PRINCETON — The city of Princeton continues to wait for its new $22 million water treatment plant to go online.
At this week’s meeting of the Princeton City Council, Commissioner Joel Quiram asked for an update on the project, which he said is about four months behind online schedule and is probably the largest capital project in the city’s history.
Princeton Water Department Superintendent Mike Eggers said there are still some issues with the SCADA system, which is like the computerized control system and the “brains of the operation” for the plant’s equipment.
The operation of the new plant is very technical and complicated, Eggers said. The bugs have to be worked out before the city commits to going online. There has been a subcontractor at the plant working to get everything up and going, but that person has not been on site every day, Eggers said.
Though the plant is getting closer every day to going online, Eggers could not give a date when that would happen. As one issue is resolved, another one comes up. Some issues are intermittent. But still, he’s confident the plant will run to satisfaction and consistently once the issues are resolved.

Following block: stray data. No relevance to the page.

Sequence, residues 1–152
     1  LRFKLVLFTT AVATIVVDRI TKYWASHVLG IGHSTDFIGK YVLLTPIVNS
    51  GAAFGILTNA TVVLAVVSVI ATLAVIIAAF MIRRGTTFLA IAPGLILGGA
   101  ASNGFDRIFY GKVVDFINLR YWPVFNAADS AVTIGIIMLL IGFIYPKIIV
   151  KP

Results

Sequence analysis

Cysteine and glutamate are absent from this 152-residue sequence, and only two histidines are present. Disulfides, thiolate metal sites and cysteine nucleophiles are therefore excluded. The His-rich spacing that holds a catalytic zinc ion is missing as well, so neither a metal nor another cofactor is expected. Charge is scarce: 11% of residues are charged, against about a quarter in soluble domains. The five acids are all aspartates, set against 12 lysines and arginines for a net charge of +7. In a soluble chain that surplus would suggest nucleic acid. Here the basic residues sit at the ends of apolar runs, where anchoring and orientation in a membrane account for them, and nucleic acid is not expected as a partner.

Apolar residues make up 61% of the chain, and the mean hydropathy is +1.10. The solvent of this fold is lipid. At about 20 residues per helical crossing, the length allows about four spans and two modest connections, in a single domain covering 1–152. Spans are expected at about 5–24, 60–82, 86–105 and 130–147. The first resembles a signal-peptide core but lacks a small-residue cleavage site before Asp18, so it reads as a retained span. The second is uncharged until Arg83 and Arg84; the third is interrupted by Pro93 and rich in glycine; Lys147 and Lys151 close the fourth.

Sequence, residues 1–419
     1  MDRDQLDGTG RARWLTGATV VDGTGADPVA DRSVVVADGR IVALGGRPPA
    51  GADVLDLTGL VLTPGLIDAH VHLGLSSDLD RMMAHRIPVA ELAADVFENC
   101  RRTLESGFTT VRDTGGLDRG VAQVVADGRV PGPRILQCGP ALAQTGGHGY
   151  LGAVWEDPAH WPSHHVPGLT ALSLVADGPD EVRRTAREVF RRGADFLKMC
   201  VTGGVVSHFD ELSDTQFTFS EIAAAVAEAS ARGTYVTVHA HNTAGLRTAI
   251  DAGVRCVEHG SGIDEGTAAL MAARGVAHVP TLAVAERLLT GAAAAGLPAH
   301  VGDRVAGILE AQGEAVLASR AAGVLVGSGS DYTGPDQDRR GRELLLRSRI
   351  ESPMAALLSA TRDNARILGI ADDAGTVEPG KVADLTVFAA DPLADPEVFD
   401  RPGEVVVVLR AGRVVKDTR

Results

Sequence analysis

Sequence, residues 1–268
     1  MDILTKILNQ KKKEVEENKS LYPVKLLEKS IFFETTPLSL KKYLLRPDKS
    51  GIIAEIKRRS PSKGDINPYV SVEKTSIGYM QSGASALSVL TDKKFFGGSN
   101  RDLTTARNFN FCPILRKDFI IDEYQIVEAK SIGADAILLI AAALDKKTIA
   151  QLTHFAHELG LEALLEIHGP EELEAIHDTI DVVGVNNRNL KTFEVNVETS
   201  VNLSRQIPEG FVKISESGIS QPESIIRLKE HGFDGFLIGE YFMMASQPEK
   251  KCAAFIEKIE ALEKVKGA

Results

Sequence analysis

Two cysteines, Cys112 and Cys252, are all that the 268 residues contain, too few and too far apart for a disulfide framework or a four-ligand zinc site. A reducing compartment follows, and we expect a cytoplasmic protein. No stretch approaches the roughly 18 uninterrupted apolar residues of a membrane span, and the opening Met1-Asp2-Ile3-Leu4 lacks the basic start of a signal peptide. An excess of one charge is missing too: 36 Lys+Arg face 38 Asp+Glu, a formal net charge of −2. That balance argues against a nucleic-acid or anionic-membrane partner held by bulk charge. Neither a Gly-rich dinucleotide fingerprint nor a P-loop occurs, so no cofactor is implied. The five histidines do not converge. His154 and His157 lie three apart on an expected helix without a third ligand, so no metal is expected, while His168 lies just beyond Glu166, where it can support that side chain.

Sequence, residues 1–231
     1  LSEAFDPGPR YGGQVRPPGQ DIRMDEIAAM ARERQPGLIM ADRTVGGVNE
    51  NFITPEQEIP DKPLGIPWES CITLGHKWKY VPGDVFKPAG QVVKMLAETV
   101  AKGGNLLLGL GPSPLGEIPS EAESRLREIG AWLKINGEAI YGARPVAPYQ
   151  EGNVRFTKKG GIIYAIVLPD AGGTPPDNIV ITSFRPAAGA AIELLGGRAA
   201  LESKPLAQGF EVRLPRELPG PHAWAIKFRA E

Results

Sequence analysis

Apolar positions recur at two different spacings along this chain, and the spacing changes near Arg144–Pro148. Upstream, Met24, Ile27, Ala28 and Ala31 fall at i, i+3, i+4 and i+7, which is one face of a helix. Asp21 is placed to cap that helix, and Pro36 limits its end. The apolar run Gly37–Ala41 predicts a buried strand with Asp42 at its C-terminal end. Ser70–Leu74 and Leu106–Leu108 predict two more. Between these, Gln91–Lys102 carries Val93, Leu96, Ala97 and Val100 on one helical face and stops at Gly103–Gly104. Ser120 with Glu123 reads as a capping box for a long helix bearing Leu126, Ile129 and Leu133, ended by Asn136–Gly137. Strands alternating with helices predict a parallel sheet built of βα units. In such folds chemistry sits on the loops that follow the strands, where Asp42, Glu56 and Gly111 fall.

Princeton City Manager Jeff Clawson said the city is withholding a final $300,000 payment to general contractor Vissering Construction, who hired the subcontractor.
In other business, Commissioner Ray Mabry brought up his concern about the coming spring and what the frozen ground and melting snow could mean for city streets and residents. Princeton will go from concerns about snow removal to concerns about rain, the melting snow and possible flooding, he said.
Thanks to the city’s new pump program, the city does have 12 pumps serviced and ready to go, but there are no back-up pumps if needed, Mabry said. His recommendation is for the city to buy a couple additional pumps at a cost of $3,000 each, to have as backups.
Clawson said he will look at the city budget to see if there is money for the purchase. Also, with some of the street work and improvements done last fall, the city may be able to use some of the original 12 pumps as backups, he said.
After further discussion, the council directed Clawson to go ahead with the purchase of a couple backup pumps, if the money is in the budget.
Mayor Keith Cain encouraged residents to also consider their own alternative steps, such as sandbags, to safeguard their property from possible flooding this spring. The frozen ground doesn’t help with all the melting snow, no matter how many pumps the city has because the water will come across the surface of the frozen ground. Though rain is expected in the next few days, the cooler temperatures which will follow should slow down the thawing, the mayor said.
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